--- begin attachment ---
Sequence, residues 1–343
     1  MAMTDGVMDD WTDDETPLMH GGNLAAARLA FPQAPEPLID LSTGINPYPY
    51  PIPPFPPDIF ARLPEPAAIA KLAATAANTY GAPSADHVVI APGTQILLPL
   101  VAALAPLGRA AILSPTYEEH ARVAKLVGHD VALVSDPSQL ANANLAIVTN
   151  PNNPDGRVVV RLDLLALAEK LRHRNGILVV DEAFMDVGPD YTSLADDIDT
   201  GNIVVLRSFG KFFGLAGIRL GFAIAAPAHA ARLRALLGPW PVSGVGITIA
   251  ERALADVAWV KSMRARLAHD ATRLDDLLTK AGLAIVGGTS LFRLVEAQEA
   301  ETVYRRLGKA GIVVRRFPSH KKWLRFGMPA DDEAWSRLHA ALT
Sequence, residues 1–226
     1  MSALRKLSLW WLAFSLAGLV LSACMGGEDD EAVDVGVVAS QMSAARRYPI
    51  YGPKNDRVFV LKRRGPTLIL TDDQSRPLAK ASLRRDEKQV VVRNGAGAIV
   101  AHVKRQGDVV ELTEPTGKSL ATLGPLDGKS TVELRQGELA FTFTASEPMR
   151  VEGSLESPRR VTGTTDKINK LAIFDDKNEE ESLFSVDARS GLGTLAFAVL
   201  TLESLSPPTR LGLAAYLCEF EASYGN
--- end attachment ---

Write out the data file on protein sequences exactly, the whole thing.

Sequence, residues 1–343
     1  MAMTDGVMDD WTDDETPLMH GGNLAAARLA FPQAPEPLID LSTGINPYPY
    51  PIPPFPPDIF ARLPEPAAIA KLAATAANTY GAPSADHVVI APGTQILLPL
   101  VAALAPLGRA AILSPTYEEH ARVAKLVGHD VALVSDPSQL ANANLAIVTN
   151  PNNPDGRVVV RLDLLALAEK LRHRNGILVV DEAFMDVGPD YTSLADDIDT
   201  GNIVVLRSFG KFFGLAGIRL GFAIAAPAHA ARLRALLGPW PVSGVGITIA
   251  ERALADVAWV KSMRARLAHD ATRLDDLLTK AGLAIVGGTS LFRLVEAQEA
   301  ETVYRRLGKA GIVVRRFPSH KKWLRFGMPA DDEAWSRLHA ALT
Sequence, residues 1–226
     1  MSALRKLSLW WLAFSLAGLV LSACMGGEDD EAVDVGVVAS QMSAARRYPI
    51  YGPKNDRVFV LKRRGPTLIL TDDQSRPLAK ASLRRDEKQV VVRNGAGAIV
   101  AHVKRQGDVV ELTEPTGKSL ATLGPLDGKS TVELRQGELA FTFTASEPMR
   151  VEGSLESPRR VTGTTDKINK LAIFDDKNEE ESLFSVDARS GLGTLAFAVL
   201  TLESLSPPTR LGLAAYLCEF EASYGN